Increases in the amount of the hormone prolactin in the
blood. Increases in the hormone prolactin could in rare
cases lead to the following:

Men and women to have swelling breasts and
unexpectedly produce breast milk.

Women to have no monthly periods or irregular
periods.

Uncommon side effects (may affect up to 1 in 100
people):

















Fits or seizures.
Allergic reactions that may include raised lumps (weals),
swelling of the skin and swelling around the mouth.
Unpleasant sensations in the legs (also called restless
legs syndrome).
Difficulty swallowing.
Uncontrollable movements, mainly of your face and
tongue.
Sexual dysfunction.
Diabetes.
Change in electrical activity of the heart seen on ECG
(QT prolongation).
A slower than normal heart rate which may occur when
starting treatment and which may be associated with
low blood pressure and fainting.
Difficulty in passing urine.
Fainting (may lead to falls).
Stuffy nose.
Decrease in the amount of red blood cells.
Decrease in the amount of sodium in the blood.
Worsening of pre-existing diabetes.

Rare side effects (may affect up to 1 in 1,000
people):



















A combination of high temperature (fever), sweating,
stiff muscles, feeling very drowsy or faint (a disorder
called “neuroleptic malignant syndrome”).
Yellowing of the skin and eyes (jaundice).
Inflammation of the liver (hepatitis).
A long-lasting and painful erection (priapism).
Swelling of breasts and unexpected production of breast
milk (galactorrhoea).
Menstrual disorder.
Blood clots in the veins especially in the legs (symptoms
include swelling, pain and redness in the leg), which
may travel through blood vessels to the lungs causing
chest pain and difficulty in breathing. If you notice any
of these symptoms seek medical advice immediately.
Walking, talking, eating or other activities while you are
asleep.
Body temperature decreased (hypothermia).
Inflammation of the pancreas.
A condition (called “metabolic syndrome”) where you
have a combination of 3 or more of the following: an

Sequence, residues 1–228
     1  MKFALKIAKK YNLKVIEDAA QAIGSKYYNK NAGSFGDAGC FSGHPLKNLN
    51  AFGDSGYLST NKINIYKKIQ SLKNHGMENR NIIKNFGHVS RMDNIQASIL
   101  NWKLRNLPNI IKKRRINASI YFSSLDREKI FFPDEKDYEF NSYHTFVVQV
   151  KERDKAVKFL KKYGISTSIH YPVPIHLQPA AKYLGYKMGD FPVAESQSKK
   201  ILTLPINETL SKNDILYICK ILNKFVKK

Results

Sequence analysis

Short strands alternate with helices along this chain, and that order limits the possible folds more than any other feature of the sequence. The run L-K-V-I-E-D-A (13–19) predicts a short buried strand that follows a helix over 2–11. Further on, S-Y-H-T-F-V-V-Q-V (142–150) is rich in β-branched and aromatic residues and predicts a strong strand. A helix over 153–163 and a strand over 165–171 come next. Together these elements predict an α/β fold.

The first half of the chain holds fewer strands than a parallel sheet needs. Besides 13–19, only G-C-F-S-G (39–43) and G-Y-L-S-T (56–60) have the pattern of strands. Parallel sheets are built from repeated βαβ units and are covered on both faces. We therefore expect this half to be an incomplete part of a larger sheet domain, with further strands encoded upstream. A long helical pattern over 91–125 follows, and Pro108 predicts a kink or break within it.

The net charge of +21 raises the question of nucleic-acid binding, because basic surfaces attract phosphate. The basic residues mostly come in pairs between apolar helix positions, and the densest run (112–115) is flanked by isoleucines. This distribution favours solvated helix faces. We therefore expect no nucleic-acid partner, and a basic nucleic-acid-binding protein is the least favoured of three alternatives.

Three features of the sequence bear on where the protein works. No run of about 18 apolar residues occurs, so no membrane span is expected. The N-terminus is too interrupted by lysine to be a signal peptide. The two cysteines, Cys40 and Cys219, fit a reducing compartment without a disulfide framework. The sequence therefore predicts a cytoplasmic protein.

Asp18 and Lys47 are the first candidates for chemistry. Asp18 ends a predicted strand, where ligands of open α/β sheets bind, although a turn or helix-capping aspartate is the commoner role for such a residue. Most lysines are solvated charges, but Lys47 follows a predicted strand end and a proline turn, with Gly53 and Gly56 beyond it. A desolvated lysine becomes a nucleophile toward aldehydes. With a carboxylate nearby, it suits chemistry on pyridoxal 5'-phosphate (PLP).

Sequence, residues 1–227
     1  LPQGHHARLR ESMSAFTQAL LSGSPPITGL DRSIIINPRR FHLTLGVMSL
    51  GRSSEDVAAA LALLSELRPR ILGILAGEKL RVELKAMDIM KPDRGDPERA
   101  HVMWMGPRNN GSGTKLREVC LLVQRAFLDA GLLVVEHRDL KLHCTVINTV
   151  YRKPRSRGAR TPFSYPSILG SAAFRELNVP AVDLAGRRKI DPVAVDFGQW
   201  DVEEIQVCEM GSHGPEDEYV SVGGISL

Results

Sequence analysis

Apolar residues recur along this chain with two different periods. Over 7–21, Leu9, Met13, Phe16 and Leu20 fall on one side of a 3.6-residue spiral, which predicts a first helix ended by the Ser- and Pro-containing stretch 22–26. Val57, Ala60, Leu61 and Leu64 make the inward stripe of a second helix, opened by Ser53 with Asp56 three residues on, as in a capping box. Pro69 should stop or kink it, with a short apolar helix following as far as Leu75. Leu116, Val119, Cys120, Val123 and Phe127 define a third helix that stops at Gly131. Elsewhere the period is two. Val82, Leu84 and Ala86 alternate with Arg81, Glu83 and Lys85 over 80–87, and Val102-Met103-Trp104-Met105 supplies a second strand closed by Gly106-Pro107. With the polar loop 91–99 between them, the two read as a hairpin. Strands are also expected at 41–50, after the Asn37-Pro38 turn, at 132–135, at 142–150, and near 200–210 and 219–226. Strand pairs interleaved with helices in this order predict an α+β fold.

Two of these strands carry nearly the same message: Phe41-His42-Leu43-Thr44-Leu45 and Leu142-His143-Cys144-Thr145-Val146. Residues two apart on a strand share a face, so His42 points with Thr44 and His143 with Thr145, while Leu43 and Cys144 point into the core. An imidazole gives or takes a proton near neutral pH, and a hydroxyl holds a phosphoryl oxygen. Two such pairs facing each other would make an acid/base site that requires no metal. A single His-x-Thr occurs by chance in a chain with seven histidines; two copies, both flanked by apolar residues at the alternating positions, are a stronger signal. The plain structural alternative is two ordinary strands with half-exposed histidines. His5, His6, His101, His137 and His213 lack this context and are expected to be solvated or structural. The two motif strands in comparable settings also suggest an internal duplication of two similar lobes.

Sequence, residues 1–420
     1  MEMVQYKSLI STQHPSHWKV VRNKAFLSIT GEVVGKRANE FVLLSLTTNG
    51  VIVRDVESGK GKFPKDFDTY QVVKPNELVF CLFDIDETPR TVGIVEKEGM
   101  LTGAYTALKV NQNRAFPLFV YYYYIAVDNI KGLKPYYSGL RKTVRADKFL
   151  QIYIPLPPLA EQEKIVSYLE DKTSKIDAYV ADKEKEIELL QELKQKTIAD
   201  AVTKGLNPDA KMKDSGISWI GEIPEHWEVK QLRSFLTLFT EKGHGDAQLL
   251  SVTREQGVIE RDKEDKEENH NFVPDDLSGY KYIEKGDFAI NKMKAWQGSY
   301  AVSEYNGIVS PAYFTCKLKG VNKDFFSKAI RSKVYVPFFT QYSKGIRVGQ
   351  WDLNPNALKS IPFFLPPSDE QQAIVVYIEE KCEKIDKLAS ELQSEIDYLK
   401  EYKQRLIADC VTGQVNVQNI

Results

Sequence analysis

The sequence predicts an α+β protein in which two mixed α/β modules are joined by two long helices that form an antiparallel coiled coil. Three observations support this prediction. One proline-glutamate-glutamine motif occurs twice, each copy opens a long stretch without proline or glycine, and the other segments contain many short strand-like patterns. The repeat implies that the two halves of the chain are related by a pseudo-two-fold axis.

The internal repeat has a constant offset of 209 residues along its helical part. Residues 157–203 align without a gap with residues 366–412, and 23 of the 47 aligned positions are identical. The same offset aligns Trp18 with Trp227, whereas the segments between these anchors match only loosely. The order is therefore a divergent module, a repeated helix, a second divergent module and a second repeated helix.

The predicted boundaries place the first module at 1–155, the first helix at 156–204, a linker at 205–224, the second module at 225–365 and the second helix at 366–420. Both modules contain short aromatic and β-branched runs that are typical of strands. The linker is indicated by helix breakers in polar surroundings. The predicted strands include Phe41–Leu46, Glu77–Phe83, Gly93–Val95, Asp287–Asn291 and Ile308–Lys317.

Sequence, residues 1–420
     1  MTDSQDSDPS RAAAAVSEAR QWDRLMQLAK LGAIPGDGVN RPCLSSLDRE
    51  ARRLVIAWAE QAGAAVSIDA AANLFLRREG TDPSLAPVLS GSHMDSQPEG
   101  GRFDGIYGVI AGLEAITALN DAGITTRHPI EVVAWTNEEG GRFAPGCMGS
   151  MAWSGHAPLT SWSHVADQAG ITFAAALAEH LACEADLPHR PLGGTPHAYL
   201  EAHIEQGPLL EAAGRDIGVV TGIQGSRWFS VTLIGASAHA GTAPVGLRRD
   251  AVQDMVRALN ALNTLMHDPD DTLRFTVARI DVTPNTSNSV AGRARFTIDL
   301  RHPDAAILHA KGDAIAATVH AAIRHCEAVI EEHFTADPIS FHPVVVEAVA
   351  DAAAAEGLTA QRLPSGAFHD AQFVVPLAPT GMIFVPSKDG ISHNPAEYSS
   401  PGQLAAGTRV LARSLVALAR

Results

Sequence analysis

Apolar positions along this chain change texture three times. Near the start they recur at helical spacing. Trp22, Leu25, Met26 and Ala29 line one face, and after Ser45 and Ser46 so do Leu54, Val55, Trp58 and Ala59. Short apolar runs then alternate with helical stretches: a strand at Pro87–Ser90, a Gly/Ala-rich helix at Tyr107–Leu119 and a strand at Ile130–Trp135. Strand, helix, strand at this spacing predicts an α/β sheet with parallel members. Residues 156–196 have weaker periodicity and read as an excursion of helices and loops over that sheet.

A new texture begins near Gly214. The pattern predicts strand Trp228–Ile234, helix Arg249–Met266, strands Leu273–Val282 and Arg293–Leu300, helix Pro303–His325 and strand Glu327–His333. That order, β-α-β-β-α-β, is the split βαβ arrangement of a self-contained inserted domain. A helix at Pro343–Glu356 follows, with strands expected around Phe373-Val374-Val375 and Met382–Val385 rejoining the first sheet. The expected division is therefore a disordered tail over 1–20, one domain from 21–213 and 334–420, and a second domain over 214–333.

increase in fat around your abdomen, a decrease in
“good cholesterol” (HDL-C), an increase in a type of fat
in your blood called triglycerides, high blood pressure
and an increase in your blood sugar.
Combination of fever, flu-like symptoms, sore throat, or
any other infection with very low white blood cell count,
a condition called agranulocytosis.
Bowel obstruction.
Increased blood creatine phosphokinase (a substance
from the muscles).

Very rare side effects (may affect up to
1 in 10,000 people):







Severe rash, blisters, or red patches on the skin.
A severe allergic reaction (called anaphylaxis) which
may cause difficulty in breathing or shock.
Rapid swelling of the skin, usually around the eyes, lips
and throat (angioedema).
A serious blistering condition of the skin, mouth, eyes
and genitals (Stevens-Johnson syndrome).
Inappropriate secretion of a hormone that controls urine
volume.
Breakdown of muscle fibers and pain in muscles
(rhabdomyolysis).

Not known (frequency cannot be estimated from
the available data):





Skin rash with irregular red spots (erythema
multiforme).
Serious, sudden allergic reaction with symptoms such as
fever and blisters on the skin and peeling of the skin
(toxic epidermal necrolysis).
Symptoms of withdrawal may occur in newborn babies
of mothers that have used Seroquel during their
pregnancy.

The class of medicines to which Seroquel belongs can cause
heart rhythm problems, which can be serious and in severe
cases may be fatal. Some side effects are only seen when a
blood test is taken. These include changes in the amount of
certain fats (triglycerides and total cholesterol) or sugar in
the blood, changes in the amount of thyroid hormones in your
blood, increased liver enzymes, decreases in the number of
certain types of blood cells, decrease in the amount of red
blood cells, increased blood creatine phosphokinase (a
substance in the muscles), decrease in the amount of sodium
in the blood and increases in the amount of the hormone
prolactin in the blood. Increases in the hormone prolactin
could in rare cases lead to the following:

Men and women to have swelling of the breasts and
unexpectedly produce breast milk.

Women to have no monthly period or irregular periods.